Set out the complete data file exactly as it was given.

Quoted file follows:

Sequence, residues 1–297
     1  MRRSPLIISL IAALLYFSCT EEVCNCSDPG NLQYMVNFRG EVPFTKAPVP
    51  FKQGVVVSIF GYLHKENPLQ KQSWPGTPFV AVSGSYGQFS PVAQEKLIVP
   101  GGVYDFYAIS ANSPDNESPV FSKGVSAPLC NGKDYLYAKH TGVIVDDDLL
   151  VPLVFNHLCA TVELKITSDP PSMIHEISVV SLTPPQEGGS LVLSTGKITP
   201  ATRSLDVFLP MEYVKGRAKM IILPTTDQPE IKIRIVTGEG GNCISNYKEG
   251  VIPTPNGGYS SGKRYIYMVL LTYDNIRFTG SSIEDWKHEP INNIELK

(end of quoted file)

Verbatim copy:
Sequence, residues 1–297
     1  MRRSPLIISL IAALLYFSCT EEVCNCSDPG NLQYMVNFRG EVPFTKAPVP
    51  FKQGVVVSIF GYLHKENPLQ KQSWPGTPFV AVSGSYGQFS PVAQEKLIVP
   101  GGVYDFYAIS ANSPDNESPV FSKGVSAPLC NGKDYLYAKH TGVIVDDDLL
   151  VPLVFNHLCA TVELKITSDP PSMIHEISVV SLTPPQEGGS LVLSTGKITP
   201  ATRSLDVFLP MEYVKGRAKM IILPTTDQPE IKIRIVTGEG GNCISNYKEG
   251  VIPTPNGGYS SGKRYIYMVL LTYDNIRFTG SSIEDWKHEP INNIELK